For good flow geometry, it is also important that the channel 10-11 has an angle of about 50°-55° to the horizontal plane. These measurements are applicable for an apparatus with double chamber and a cell diameter of 46 mm as in FIG. 1, and for the normal flow rate of about 1 ml/min. A lamina flow can be ensured by regulating the flow rate.
The body and the chamber may have a different appearance, deviating from FIG. 1, but the apparatus shall include a closed space for the perfusion chamber.
With the apparatus described, perfusion technique can be utilized in an extremely simple manner for biological cell studies and this is to a great extent because the dish forms a part of the assembled chamber. The cells need not be removed and transferred to a different surface, but can grow on their normal surface, in an environment which can be kept constant thanks to the perfusion technique. Due to its simple design, it should be possible to manufacture the apparatus relatively cheaply, thus enabling increased use of perfusion technique for biological cell studies. The apparatus is connected in a simple manner by means of hoses and can easily be moved to different measuring points.
To summarize, it can be established that the apparatus described is simple in design, ordinary cell cultivating dishes are used, it should be possible to produce it relatively cheaply, it has been found to have good throughflow properties, it is suitable for microscopic studies and it has been found useful in practice in a number of toxicological and general biological cell studies.
FIG. 1B shows a body 1 for perfusion of only one dish 6.
FIG. 2 shows how the apparatus is connected. The medium is pumped by a pump 18 from a store 17 through hoses 19 to the perfusion chamber 20 via connections 21,22.
FIG. 3 shows schematically the layout of equipment for measuring oxygen gas. In the figure, 23 is a container, 24 a pump, 25 a means for oxygenation of the medium via a silicon tube, 26 an air-lock, 27,28 oxygen gas electrodes of Clark type, 29 a calibration loop, 30 an cultivation chamber (double), 31 a collecting vessel for used medium and 32 a printer with amplifier unit.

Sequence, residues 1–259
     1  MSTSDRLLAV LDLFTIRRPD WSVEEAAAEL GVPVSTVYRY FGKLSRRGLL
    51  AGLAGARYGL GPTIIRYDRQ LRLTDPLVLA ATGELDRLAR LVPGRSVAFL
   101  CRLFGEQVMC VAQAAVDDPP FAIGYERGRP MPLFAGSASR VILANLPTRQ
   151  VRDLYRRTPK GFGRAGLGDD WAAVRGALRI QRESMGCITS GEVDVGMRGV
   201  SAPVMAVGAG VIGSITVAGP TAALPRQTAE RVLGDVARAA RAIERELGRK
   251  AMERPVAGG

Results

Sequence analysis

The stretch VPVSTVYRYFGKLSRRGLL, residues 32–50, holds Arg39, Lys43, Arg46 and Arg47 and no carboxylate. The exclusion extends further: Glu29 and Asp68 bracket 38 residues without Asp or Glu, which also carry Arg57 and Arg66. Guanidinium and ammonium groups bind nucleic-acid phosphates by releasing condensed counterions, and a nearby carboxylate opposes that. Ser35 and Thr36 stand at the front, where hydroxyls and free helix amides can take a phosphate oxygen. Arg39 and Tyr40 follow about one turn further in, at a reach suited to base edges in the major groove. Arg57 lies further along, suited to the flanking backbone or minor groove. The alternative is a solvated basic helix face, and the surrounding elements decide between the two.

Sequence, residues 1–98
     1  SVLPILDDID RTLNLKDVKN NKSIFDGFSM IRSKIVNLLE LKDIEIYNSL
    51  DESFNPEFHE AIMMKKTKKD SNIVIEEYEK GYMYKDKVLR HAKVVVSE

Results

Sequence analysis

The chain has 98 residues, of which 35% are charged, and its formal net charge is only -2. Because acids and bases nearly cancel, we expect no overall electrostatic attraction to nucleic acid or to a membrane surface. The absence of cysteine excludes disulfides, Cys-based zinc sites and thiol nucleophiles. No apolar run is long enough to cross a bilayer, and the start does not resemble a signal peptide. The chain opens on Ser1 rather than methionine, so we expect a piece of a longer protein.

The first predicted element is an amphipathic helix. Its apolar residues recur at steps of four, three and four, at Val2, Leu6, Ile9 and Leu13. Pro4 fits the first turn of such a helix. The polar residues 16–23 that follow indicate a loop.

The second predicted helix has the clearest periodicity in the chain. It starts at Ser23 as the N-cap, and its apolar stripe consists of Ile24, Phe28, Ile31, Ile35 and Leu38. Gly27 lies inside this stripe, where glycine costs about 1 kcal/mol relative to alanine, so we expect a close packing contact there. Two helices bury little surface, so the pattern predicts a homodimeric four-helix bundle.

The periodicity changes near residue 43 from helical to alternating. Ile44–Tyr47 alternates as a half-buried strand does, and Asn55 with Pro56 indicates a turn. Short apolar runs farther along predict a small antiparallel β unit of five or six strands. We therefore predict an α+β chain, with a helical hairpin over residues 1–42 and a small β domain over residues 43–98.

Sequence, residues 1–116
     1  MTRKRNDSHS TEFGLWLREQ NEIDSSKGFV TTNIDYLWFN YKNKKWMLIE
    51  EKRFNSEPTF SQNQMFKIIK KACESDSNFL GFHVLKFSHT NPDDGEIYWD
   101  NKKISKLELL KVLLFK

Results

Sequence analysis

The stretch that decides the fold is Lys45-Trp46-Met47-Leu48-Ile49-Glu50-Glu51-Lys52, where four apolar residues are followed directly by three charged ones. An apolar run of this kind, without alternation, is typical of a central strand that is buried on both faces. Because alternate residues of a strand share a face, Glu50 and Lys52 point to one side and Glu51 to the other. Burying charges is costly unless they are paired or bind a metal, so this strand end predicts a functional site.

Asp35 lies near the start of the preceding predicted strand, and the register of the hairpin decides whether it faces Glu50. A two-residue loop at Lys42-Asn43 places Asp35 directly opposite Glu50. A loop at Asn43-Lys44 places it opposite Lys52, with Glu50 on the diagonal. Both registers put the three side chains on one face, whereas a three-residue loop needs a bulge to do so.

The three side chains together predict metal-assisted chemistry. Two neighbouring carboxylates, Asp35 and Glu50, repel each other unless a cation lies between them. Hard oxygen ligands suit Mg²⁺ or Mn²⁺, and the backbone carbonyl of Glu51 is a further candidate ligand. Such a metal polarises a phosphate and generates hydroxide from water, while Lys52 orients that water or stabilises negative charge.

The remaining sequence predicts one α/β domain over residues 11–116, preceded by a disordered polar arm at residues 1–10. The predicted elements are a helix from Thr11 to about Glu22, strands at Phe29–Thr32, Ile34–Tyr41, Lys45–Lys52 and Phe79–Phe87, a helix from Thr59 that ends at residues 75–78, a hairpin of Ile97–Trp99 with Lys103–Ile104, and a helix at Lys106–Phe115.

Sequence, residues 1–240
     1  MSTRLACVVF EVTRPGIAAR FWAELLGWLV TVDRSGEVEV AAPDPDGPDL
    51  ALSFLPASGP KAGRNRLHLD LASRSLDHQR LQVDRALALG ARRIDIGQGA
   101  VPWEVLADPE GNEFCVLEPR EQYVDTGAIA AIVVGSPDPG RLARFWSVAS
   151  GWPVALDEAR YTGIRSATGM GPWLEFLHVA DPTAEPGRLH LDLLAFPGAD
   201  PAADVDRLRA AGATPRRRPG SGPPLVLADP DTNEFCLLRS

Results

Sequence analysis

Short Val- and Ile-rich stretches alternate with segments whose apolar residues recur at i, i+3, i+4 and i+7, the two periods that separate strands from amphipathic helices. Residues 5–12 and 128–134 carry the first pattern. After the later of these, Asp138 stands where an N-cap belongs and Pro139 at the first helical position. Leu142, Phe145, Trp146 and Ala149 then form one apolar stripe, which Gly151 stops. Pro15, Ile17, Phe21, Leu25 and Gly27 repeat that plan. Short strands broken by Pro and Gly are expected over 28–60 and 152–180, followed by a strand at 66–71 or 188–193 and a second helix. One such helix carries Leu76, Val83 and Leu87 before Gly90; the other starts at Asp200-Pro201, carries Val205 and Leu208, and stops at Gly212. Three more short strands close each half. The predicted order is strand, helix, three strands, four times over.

FIG. 4 shows examples of physical parameters which can be introduced in a multi-parametric system. The figure shows changes measured once complete cell death has occurred. An arrow indicates the addition of toxic substance.
The curves denote:
The effect of the addition of hexchlorophene on the oxygen gas consumption can be seen in FIG. 5, and FIG. 6 shows the effect of the addition of KCN on the oxygen gas consumption.
FIG. 7 shows the effect of Triton X-100 on the outflow of 3 H-2-deoxy-D-glucose from cultivated neutroblastoma cells in the perfusion system. The curves specify control (1), 0.015% (2), 0.022% (3) and 0.03% Triton (4).
The y-axis log in the diagram indicates remaining activity in % of the total.
The parameters which can be used to study the state of the cells during perfusion are primarily:
DO2 see FIGS. 4 and 5
pH see FIG. 4
Redox potential see FIG. 4.
Examples of other parameters which can be used are ATP (adenosine triphosphate) content and LDH (lactate dehydrogenase) activity in the perfusion liquid. These function as indicators of membrane leakage and their concentration can be expected to increase after exposure. Another way of measuring membrane leakage is to study the outflow of an isotope-marked marker (see Example 5). It is also possible to measure the absorption of trypan blue in dead cells with the help of light absorption (see Example 4 and FIG. 4).
The invention will now be described in more detail with the help of the following examples.
The cell line used is Neuroblastoma C1300, substrate
______________________________________F10 according to Ham, R. G. 87%Exp Cell Res, 29 (1963) p 515Calf serum 9%Foetal calf serum 4%______________________________________